Your driver will take you to the ticket office first, which is on the way. It opens at 5am, so if you did want to watch the sunrise over Angkor Wat you can arrive for 5.30am to find a spot for that picture perfect moment. Be warned that this is the busiest time of day and you’ll be competing with thousands of other tourists wanting the same shot. It was overcast when we visited so we opted for a few extra hours in bed and left at 8am. It wasn’t that busy when we arrived, as we missed a lot of the big tour groups.
Bayon Temple, Angkor Wat
TIP: You’ll be asked persistently if you want a tour guide by people walking around the park or outside it. Don’t accept, as most are money grabbing scams. If you want a guide, arrange through your accommodation.
Your first stop will be the iconic Angkor Wat itself. The grounds are massive and most of it you wont have to queue. However, getting into the main temple always has a LONG wait, so really ask yourself if its worth standing in 30 degree heat for an hour just to be cattled in and out.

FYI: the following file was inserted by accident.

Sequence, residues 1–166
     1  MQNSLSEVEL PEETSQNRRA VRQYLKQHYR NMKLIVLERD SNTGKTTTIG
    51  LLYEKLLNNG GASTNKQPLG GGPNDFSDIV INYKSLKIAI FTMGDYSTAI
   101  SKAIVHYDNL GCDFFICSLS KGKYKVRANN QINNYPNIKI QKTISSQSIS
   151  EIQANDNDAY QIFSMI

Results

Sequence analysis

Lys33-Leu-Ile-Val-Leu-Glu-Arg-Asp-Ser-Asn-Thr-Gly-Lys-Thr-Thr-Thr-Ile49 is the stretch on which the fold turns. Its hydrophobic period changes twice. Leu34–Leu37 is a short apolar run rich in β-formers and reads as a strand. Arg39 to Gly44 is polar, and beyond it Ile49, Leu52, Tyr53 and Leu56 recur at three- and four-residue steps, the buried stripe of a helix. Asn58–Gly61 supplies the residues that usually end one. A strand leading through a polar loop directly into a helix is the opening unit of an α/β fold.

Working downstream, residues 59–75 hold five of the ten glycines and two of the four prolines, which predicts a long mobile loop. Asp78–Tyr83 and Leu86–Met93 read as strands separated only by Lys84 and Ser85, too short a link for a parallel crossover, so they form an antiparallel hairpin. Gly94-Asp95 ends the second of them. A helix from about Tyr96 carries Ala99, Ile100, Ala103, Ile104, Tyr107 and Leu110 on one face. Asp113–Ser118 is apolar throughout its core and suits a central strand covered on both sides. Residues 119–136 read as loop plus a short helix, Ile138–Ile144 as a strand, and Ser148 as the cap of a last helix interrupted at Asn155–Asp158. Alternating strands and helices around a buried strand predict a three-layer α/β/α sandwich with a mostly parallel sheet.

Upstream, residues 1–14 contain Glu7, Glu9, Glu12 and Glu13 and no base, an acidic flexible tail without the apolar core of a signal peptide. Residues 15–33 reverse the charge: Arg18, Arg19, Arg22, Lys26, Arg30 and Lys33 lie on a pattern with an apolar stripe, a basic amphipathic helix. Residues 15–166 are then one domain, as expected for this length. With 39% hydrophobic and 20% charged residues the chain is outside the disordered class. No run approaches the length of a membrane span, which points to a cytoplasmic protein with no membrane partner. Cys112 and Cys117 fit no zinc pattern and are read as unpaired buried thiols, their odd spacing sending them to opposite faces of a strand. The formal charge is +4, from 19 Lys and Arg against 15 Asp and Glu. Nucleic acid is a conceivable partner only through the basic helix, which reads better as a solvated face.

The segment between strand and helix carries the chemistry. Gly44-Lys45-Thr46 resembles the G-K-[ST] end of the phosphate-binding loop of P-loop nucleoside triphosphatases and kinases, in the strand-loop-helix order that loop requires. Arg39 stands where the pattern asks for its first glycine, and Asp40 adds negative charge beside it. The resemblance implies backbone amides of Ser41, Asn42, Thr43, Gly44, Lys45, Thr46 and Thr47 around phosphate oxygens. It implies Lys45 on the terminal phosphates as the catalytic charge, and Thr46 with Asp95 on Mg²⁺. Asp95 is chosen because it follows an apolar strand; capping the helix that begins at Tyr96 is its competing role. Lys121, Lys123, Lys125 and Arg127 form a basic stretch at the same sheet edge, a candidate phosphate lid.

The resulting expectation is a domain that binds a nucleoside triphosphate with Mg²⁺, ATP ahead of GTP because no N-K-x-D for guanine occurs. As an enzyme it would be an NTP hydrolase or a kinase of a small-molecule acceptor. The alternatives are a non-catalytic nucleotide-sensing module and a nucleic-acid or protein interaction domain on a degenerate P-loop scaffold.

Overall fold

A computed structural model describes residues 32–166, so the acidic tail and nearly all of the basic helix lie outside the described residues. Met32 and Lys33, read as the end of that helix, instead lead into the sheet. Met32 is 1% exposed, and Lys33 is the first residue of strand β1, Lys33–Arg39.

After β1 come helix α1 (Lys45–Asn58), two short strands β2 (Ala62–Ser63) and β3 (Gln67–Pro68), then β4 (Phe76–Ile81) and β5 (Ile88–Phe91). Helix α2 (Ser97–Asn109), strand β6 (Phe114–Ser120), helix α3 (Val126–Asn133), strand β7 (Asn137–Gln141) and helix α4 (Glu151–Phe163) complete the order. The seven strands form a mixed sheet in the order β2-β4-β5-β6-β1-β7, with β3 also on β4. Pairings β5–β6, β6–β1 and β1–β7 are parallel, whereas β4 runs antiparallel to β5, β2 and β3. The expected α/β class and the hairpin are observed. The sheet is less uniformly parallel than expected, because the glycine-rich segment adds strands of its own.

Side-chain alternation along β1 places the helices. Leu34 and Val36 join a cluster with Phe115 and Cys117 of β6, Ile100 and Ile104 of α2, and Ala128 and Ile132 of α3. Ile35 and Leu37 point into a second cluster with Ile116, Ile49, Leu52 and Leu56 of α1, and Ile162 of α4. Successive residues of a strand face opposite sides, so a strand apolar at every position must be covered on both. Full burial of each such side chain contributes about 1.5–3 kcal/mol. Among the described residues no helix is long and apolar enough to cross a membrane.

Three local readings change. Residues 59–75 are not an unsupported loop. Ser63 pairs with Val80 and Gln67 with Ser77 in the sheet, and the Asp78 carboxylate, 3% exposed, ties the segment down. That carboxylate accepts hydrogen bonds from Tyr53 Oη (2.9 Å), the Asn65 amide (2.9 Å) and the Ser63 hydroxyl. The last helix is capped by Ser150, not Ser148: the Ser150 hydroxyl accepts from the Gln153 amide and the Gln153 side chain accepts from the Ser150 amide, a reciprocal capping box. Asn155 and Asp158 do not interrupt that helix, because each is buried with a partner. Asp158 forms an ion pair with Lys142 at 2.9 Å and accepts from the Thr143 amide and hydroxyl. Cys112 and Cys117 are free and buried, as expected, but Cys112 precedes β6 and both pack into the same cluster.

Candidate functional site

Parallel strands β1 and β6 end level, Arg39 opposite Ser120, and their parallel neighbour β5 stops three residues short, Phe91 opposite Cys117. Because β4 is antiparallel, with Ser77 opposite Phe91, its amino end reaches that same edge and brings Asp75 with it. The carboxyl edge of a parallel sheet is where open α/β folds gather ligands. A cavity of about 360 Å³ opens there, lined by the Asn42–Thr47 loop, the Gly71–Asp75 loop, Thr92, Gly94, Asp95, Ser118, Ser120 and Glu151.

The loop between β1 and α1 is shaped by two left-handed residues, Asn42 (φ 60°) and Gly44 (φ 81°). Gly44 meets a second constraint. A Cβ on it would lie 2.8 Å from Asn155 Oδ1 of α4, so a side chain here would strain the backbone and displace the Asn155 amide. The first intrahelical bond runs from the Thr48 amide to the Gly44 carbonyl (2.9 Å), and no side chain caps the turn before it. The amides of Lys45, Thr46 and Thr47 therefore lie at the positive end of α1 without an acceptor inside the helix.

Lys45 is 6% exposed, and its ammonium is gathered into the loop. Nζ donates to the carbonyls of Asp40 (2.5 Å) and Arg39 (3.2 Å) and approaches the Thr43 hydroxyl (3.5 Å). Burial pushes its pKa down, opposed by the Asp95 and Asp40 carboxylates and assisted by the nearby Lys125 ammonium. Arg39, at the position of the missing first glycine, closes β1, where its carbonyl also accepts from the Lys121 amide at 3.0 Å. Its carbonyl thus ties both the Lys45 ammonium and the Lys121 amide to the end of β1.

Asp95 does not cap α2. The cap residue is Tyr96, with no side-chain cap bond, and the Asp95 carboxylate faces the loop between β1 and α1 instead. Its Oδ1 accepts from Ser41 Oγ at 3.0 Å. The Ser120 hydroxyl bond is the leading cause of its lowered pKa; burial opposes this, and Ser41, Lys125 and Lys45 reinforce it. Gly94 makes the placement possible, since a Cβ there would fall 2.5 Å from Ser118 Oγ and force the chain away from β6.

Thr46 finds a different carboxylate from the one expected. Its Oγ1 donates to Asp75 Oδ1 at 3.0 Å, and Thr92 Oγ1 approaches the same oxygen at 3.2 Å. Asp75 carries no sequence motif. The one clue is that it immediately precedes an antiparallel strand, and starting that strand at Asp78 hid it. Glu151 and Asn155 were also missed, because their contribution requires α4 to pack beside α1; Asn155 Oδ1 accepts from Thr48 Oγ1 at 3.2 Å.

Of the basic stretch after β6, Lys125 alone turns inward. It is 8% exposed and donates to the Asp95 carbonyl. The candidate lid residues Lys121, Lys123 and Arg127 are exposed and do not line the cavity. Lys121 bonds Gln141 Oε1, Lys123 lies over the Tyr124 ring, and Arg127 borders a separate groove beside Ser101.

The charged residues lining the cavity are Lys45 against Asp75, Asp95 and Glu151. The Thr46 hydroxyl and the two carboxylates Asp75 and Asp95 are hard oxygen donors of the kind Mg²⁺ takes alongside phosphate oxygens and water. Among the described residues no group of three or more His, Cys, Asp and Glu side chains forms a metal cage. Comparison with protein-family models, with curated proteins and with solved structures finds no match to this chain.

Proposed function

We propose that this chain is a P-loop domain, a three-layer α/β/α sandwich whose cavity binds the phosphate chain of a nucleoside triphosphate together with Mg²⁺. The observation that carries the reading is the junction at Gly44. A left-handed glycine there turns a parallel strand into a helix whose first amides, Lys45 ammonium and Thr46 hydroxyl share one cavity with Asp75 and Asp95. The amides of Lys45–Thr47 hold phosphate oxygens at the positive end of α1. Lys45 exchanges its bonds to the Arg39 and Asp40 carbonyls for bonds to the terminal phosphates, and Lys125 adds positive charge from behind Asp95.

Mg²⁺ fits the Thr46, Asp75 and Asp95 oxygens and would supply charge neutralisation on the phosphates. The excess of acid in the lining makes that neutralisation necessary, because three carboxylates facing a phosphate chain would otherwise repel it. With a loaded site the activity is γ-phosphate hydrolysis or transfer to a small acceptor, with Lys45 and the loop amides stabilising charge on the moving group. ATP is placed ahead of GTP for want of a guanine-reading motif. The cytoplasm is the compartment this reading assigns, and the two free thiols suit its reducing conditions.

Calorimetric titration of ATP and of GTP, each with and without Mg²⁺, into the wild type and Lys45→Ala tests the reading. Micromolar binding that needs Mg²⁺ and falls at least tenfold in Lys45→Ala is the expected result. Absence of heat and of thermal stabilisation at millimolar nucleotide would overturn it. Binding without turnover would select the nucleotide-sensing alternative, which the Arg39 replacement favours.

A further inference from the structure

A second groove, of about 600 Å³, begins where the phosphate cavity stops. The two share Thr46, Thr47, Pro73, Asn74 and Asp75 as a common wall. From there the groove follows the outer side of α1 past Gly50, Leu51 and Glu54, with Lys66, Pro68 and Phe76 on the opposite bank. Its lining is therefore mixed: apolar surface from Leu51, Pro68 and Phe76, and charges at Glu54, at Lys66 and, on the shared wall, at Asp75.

The temple’s main occupants are cheeky monkeys with a sweet tooth. Try not to get your grub out in front of them because you’ll have a difficult time keeping hold of it 🙈
It’s estimated there are around 100,000 people living within the park, a lot sell food, snacks and souvenirs. We packed a picnic of pastries and water before leaving and tucked in outside one of the temples.
We also visited Angkor Thom (aka Bayon), Ta Phrom where Tomb Raider was filmed, and Phnom Bakheng which has incredible panoramic views of Angkor Wat (great alternative for sunrise).